The Versacarry holsters are sized for caliber and for length. As you can see from the photos, the pistol is held to the holster by a spring action of the plastic and metal retention rod that fits up into the barrel. The rod is positioned at a angle to the holster "frame" which flexes and pushes the frame of the pistol against the frame of the holster. The rod is made of a somewhat soft and maleable plastic, tapered a bit at the top and threaded with a steel insert to accept a long steel screw. The attachment is solid. The rod is made slightly smaller (0.015") than the pistol's barrel diameter for a good fit. I found that once inserted and withdrawn a few times, the fit is perfect and the rod is long enough that the pistol sits securely on it.
Gen II Versacarry Concealed Carry IWB Solution
Showing rod mounted to the frame
The nice thing about this design is that a given holster will fit any number of pistols of the same caliber. My two 9 mm's and my .380 will fit the same diameter rod. The difference is in the length of the frame:

One caliber w/ optional trigger guard (XS,S,M,L,XL)
Same caliber, different lengths

For a given gun, you can get a holster that will carry it more deeply or more shallowly, depending on how you like your gun to ride above the belt line. They are also offering an adjustable holster so that it will be adaptable to guns of different thickness but of the same caliber. A nice touch.

The Versacarry holsters are made with a clip that will accommodate belts up to 1 1/2" wide and 1/4" thick, including the waistband material of the pants. They have a good video on their site about how the gun is mounted, clipped, into the holster and how the holster is attached and removed.

One quirk of this design is that if you draw your gun and then remove the holster in order to re-attach and re-install the holster/gun into your waistband, the empty holster may catch the barrel retention rod on your undershirt when taking it off. This can happen of course while you are practicing the draw from the holster with an unloaded gun of course. This is not a big deal because in a normal concealed carry situation, you won't be drawing and re-holstering your gun anyway.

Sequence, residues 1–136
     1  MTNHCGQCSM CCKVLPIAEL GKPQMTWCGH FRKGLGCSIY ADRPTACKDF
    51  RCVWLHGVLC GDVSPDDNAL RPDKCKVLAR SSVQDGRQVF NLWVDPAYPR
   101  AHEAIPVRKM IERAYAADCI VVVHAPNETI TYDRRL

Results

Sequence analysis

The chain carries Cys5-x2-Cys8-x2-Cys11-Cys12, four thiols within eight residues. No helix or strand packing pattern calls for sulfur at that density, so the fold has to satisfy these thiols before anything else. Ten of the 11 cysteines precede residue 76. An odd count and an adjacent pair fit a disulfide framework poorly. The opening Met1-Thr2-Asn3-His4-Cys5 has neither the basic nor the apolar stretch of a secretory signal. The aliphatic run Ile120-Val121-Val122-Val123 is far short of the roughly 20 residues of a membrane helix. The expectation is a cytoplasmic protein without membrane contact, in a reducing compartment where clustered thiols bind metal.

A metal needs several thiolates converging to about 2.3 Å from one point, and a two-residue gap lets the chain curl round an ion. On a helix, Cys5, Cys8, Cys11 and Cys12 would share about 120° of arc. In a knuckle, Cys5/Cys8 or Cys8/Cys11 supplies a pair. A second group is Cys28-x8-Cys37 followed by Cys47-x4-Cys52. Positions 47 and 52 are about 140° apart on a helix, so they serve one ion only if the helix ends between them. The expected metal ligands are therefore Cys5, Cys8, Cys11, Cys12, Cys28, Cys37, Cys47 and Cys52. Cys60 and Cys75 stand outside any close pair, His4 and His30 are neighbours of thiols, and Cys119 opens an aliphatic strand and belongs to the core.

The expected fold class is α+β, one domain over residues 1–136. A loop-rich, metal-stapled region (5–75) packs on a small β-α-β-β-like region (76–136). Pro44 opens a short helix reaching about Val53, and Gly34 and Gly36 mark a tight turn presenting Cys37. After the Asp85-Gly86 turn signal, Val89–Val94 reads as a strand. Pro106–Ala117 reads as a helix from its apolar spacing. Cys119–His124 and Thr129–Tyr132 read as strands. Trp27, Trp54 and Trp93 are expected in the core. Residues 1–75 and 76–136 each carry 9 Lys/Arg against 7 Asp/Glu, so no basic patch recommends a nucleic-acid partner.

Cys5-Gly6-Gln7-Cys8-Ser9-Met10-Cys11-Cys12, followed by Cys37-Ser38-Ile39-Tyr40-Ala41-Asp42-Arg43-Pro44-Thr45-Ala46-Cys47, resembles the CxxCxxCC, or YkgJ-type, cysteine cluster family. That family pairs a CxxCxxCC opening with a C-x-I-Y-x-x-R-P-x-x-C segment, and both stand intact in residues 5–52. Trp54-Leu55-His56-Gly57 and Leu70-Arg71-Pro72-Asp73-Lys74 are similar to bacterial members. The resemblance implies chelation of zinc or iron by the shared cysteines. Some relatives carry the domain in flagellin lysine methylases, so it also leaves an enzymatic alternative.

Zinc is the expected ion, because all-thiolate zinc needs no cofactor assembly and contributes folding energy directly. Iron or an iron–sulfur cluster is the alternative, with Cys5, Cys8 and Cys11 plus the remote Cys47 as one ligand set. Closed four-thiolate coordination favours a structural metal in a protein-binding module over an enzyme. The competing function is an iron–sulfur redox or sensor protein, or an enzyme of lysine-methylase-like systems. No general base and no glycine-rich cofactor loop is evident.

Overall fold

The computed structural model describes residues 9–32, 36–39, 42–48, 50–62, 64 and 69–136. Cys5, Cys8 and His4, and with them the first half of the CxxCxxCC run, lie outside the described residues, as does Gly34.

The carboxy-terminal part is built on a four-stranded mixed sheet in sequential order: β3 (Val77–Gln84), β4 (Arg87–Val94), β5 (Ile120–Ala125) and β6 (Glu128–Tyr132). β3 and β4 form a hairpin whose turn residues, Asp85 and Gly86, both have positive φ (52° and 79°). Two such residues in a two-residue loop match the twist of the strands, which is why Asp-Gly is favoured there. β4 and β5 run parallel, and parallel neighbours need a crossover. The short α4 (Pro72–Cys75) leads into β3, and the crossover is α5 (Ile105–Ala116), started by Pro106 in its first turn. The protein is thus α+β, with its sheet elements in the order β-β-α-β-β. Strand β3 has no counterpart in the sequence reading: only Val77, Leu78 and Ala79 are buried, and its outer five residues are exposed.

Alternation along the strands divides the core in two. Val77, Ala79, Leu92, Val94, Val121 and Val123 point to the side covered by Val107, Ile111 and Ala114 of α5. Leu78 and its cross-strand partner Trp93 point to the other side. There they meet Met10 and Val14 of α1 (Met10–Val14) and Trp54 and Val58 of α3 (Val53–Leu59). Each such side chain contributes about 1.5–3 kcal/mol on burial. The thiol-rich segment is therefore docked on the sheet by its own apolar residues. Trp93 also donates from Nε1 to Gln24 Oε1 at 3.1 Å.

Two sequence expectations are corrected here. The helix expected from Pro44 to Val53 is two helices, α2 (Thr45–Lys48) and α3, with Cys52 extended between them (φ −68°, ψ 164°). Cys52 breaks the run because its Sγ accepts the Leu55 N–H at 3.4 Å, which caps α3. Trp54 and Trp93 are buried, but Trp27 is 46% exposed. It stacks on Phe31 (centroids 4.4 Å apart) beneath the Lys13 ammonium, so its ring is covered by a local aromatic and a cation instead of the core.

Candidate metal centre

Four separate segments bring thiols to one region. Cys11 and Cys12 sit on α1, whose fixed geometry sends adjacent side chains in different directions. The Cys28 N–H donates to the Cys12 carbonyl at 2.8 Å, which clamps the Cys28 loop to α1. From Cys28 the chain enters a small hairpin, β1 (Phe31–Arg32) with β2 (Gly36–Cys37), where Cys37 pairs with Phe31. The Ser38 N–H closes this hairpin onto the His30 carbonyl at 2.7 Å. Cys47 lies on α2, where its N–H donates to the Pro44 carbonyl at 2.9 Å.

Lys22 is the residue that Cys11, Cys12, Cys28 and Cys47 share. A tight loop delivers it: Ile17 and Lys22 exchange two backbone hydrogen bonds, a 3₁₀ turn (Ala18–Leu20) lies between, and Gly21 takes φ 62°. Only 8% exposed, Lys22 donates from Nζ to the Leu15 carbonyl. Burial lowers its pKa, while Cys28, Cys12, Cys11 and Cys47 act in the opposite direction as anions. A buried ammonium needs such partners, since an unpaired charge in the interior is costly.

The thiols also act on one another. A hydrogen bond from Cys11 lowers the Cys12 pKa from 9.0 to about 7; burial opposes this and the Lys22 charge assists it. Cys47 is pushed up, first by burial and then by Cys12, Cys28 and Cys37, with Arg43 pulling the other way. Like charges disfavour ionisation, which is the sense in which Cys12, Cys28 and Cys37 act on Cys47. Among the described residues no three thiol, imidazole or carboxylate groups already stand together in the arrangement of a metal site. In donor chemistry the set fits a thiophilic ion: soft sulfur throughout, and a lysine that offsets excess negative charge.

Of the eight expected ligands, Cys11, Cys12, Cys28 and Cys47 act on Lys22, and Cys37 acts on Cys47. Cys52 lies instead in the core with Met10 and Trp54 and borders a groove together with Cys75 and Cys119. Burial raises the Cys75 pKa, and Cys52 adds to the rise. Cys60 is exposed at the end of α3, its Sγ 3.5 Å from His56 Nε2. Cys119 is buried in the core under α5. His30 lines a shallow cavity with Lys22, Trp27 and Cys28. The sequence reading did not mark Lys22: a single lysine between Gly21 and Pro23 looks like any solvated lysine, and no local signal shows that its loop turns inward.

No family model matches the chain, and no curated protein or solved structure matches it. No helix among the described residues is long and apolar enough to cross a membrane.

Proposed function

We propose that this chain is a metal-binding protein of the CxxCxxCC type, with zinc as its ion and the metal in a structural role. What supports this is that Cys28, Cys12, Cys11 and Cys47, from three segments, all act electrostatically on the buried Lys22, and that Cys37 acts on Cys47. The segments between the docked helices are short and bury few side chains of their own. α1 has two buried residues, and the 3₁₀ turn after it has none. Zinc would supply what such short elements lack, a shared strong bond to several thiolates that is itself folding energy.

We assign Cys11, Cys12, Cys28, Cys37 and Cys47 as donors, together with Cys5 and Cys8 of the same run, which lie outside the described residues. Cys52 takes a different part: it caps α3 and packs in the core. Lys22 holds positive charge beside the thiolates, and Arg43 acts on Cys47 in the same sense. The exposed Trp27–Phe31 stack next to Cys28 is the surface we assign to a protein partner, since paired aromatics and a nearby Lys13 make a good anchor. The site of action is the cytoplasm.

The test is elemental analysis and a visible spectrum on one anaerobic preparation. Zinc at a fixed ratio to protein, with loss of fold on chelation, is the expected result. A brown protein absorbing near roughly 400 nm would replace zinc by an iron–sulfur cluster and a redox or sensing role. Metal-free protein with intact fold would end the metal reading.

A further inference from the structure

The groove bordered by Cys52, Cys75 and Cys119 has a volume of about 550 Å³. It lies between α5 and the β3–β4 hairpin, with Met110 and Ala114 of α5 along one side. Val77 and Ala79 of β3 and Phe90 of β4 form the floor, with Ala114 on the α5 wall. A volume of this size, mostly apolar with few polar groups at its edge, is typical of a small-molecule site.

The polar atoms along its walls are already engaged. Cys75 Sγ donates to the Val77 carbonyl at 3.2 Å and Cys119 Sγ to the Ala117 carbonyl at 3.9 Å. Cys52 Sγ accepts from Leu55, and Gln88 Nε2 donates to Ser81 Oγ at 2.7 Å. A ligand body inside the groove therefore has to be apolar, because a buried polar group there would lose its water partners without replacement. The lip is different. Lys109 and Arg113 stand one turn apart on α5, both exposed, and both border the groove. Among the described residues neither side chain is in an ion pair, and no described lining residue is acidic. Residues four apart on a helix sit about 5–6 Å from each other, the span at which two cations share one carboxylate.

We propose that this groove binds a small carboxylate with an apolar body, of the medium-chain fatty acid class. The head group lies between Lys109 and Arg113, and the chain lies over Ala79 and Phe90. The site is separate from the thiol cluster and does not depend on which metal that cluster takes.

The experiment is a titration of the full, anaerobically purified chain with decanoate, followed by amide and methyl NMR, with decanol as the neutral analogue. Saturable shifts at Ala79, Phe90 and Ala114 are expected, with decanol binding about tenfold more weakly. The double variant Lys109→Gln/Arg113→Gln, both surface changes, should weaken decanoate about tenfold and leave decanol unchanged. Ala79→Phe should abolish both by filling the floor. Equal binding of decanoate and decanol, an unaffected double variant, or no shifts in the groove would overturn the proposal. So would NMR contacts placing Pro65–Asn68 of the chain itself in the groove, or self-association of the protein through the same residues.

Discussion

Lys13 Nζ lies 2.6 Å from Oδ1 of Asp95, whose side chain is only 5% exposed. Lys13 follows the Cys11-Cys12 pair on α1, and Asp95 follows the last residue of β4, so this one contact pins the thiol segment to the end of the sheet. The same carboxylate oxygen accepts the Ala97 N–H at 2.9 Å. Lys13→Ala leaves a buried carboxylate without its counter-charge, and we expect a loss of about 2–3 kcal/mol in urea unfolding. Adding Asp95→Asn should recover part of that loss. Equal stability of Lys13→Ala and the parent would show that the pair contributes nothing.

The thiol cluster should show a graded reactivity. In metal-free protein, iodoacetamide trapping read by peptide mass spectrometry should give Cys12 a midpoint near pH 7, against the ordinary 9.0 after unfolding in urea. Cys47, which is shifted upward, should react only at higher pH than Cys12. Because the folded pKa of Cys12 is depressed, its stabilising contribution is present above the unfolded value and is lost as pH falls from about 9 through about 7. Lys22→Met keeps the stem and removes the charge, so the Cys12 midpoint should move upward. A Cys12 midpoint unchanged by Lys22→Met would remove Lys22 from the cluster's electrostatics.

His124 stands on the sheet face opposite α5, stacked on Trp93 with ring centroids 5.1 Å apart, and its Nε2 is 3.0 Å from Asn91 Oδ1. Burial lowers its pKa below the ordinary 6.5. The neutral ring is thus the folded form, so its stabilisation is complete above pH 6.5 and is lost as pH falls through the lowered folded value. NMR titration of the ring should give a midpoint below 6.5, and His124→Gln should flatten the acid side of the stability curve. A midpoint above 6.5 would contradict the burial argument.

Lastly, the draw. I can firmly state that there is no holster out there that offers a smoother or quicker draw than the Versacarry. Some, a few, might be as good, but not better in my opinion. The pistol slips off the barrel retention rod smoothly and there is really nothing else to impede the gun.

So, in conclusion, I think this is one of the most innovative pistol concealed carrying devices available. It weighs next to nothing. It is strong, easy to attach the pistol to and draws very easily. It also offers your option of a deeply concealed carry or one that rides higher, holding the grips higher above the belt line. It is useable in practically any position - probably not a good choice for small of back carry, but I find it works fine as a cross draw holster as well as in the other positions. As they demonstrate in their videos, it is pretty easy to attach and remove with the gun in place. And, at the current price point, the Versacarry is about half what you would expect to pay for an 'ordinary' holster with the exception of a few Galcos and the more simple leather brands. Backed by the Versacarry no questions asked replacement policy it's hard to beat.

Its uniqueness offers questions about the design that are not present with more conventional designed holsters: nothing between the body and the gun, an optional trigger guard only on one side, and the requirement to remove the Versacarry in order to attach the pistol to it. These are different factors - not "bad", but a function of the innovative design of the holster. 

 Most of us have a number of holsters in our carry 'wardrobe'. The Versacarry now has a place in mine. It's not my exclusive concealed carry holster solution, but there are times and places where it is a good choice.

 Gen II Versacarry Concealed Carry IWB Solution


1 comment:

  1. Nice review. I agree that the versa carry allows a very quick draw. When doing CCW I have a round in the chamber and the safety on. My gun is a Ruger 40 Compact so the clip ejection and safety are on both sides of the gun. As far as re-holstering I am not worried because if I am in a situation where I have to draw my gun, the chances are I won't be re-holstering. Leaving the safety on is my personal choice, unless I am suddenly put into danger that may be a hindrance, however, the human body still has fight or flight and as I was taught if something does not feel right be cautious. Greg.